The Grumpy Naturalist

Un-Hooded (80 second read) 
by Farriz Mashudi 28/06/2020
Paler head: a girl; or choose your preferred pronoun – He, She, It?

I swear she’s following me . . .

Just because she’s petite, has skinny legs and looks sweet, the PYT thinks she can get away with it. Well, she’s not entirely wrong. It’s just that I’ve never been this close to a bird; not two feet from a living, breathing one, and one I even knew the name of.  

It’d be hard not to, really. This girl, and her type are pretty famous. You’ve heard of course, of the ‘Rockin’ Robbin’?

He rocks in the tree tops all day long
Hoppin’ and a-boppin’ and singing his song
All the little birdies on Jaybird Street
Love to hear the robin go TWEET TWEET TWEET
Rockin’ robin, rock rock
Rockin’ robin’

Back in 1972 the catchy cover propelled the brethren of the Jackson 5 to great heights. It’s a boy robin in the bopping pop song and as it turns out, according to the Natural History Museum’s website, there’s a good chance that the golden speckled vanilla breasted one happily trailing me in the garden this morning was a juvenile ‘he’. Not that it’d done anything wrong. — Perhaps, I should apologise for the low-grade humour; Then again, we could be more tactful with the use of descriptors. Criminal otherwise, wouldn’t you say?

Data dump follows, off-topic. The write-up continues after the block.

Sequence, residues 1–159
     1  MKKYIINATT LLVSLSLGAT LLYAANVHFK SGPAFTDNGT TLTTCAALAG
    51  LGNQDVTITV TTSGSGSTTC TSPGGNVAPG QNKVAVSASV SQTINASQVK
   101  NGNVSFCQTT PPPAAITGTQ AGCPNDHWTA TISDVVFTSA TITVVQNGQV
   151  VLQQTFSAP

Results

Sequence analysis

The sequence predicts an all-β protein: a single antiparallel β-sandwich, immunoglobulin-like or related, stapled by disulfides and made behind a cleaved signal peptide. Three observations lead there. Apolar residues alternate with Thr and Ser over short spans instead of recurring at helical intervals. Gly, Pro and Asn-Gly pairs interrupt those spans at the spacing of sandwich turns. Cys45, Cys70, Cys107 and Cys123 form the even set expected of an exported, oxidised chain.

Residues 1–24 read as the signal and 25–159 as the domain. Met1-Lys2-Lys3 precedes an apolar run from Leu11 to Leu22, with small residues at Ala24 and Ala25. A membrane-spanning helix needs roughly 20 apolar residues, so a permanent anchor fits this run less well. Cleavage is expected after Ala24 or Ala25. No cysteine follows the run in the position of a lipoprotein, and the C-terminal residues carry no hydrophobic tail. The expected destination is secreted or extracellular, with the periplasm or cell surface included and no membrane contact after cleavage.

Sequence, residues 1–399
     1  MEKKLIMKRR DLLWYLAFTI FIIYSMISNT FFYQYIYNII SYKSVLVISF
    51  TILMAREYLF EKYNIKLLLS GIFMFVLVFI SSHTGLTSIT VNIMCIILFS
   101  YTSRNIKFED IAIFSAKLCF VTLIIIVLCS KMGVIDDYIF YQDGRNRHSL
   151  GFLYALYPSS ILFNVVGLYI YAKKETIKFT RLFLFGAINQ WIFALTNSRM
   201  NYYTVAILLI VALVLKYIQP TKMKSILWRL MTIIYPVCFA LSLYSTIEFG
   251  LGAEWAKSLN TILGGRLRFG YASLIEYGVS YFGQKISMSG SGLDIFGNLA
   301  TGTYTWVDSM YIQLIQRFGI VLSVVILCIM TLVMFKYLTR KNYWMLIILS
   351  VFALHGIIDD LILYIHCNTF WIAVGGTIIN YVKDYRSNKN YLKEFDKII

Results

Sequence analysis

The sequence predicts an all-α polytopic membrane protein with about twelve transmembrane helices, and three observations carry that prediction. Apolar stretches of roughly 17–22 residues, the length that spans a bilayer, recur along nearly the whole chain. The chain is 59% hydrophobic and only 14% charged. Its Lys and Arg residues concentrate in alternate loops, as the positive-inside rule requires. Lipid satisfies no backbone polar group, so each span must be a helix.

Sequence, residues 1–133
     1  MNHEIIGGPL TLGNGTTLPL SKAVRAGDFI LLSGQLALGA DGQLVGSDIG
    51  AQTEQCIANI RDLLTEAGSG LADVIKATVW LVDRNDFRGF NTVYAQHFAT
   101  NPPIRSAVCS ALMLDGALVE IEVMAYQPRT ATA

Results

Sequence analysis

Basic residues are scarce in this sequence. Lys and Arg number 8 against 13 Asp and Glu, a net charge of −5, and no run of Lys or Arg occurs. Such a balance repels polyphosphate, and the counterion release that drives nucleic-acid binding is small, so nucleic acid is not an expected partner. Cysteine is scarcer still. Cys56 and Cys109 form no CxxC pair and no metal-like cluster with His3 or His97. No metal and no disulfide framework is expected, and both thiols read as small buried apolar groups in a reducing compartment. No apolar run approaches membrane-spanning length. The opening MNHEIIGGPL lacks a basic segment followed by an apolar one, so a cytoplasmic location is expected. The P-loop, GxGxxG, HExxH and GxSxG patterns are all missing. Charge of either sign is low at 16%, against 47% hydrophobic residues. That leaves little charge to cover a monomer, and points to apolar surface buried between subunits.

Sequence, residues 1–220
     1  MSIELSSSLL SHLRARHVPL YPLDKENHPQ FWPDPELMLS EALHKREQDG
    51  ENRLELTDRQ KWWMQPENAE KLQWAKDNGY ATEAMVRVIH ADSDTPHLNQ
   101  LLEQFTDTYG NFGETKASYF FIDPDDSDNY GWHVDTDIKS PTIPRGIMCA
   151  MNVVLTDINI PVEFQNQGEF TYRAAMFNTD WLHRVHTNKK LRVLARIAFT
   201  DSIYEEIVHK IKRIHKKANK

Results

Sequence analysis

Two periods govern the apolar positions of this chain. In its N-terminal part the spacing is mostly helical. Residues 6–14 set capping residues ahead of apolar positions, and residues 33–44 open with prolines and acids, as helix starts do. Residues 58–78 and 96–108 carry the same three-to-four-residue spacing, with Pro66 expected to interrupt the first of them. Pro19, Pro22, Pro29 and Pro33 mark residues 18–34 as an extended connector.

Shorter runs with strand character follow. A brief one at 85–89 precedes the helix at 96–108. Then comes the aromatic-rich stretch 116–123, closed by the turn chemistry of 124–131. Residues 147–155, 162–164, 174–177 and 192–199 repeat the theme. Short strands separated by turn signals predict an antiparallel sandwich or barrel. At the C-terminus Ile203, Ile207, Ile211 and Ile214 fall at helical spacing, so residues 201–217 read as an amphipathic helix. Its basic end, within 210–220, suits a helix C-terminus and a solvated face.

We can agree to disagree.

For a robin’s original hit, an aria in the snow: Click Here

Besides, there’s a conundrum closer to home. Mating rituals is one thing, but the beak-to-beak nips and open pecking in public evoked a scene more commonly seen in Paris. — Unless, this was the boys being territorial, rather than familiar? The girls too, seem to prefer their personal space, finding being too close uncomfortable.

For the species twice voted Britain’s unofficial national bird, was this saying something?

Superficially treated as equals when their trademark rust red breasts were endowed, it’s more vibrant colouring that marks the adult male; and according to those more accustomed to being followed, the girls tend to be understated rather than showy.

Flash in his colours shining in the sun, my companion must have been a boy then. Not that it mattered.

The song’s still good, no matter the gender.  

Every little swallow, every chick-a-dee
Every little bird in the tall oak tree
The wise old owl, the big black crow
Flappin’ their wings singing go bird go
Rockin’ robin, rock rock
Rockin’ robin’

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